Consistent with this notion, there are research findings suggesting that meaning in life is an important factor in helping adolescents to face adversity. Shek [47] showed that adolescents with stronger endorsement of positive Chinese beliefs (or weaker endorsement of negative Chinese beliefs) about adversity generally had better psychological well-being and school adjustment and less problem behavior. Although adolescents’ degree of agreement with Chinese cultural beliefs about adversity was generally associated with adolescent adjustment, this relationship was stronger in adolescents with economic disadvantage than in adolescents without economic disadvantage. Nevertheless, while this study is pioneer in Hong Kong, replication of the findings is necessary in view of the worsening of income disparity and inequality in Hong Kong.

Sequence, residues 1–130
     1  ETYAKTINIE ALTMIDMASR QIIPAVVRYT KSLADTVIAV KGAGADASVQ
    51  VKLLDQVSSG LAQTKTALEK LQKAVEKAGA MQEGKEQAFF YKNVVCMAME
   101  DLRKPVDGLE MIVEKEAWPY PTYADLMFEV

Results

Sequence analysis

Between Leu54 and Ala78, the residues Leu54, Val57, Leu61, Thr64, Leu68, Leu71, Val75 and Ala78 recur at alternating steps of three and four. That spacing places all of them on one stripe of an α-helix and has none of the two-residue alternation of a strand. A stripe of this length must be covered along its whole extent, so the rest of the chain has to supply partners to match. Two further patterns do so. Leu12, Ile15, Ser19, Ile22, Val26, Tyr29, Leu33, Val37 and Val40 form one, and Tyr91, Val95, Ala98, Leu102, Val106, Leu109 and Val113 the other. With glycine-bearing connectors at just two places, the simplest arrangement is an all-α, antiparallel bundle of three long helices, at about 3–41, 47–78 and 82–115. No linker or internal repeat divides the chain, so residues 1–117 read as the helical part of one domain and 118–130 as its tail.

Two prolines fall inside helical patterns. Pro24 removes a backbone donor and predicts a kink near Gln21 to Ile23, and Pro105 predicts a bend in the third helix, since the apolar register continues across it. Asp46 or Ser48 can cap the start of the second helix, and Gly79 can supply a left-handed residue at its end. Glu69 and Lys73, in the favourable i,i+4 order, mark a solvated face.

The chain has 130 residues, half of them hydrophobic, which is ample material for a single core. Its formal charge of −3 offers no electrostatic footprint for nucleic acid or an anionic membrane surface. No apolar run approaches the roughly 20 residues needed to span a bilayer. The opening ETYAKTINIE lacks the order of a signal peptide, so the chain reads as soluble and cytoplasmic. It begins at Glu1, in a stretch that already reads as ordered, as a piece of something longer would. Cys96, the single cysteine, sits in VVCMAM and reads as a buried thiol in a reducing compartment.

7. Promotion of Spirituality in Adolescents

Given the importance of spirituality, there are several ways to promote adolescent spirituality. The first strategy is to understand different forms of religions and spirituality via different media, including print and nonprint media. Enhanced understanding is important as far as religious and spiritual beliefs are concerned. However, understanding alone is not enough. Active reflection and experience are important processes in the development of spirituality. “Why do we exist? Where are we going? Is there any life after death? What should we do when we are still conscious?” These are important spiritual questions demanding conscious reflection. Besides gaining more experience and having personal reflections, joining religious groups, church activities, and spiritually related gatherings provide a good opportunity to develop spirituality. Bruce and Cockreham proposed different ways of promoting spirituality in adolescent girls via group work approach [48]. Besides, as significant-others surrounding adolescents (such as parents, teachers, and peers) have important influence on adolescent spirituality, how to shape adolescent spirituality through such significant personal relationships could be considered.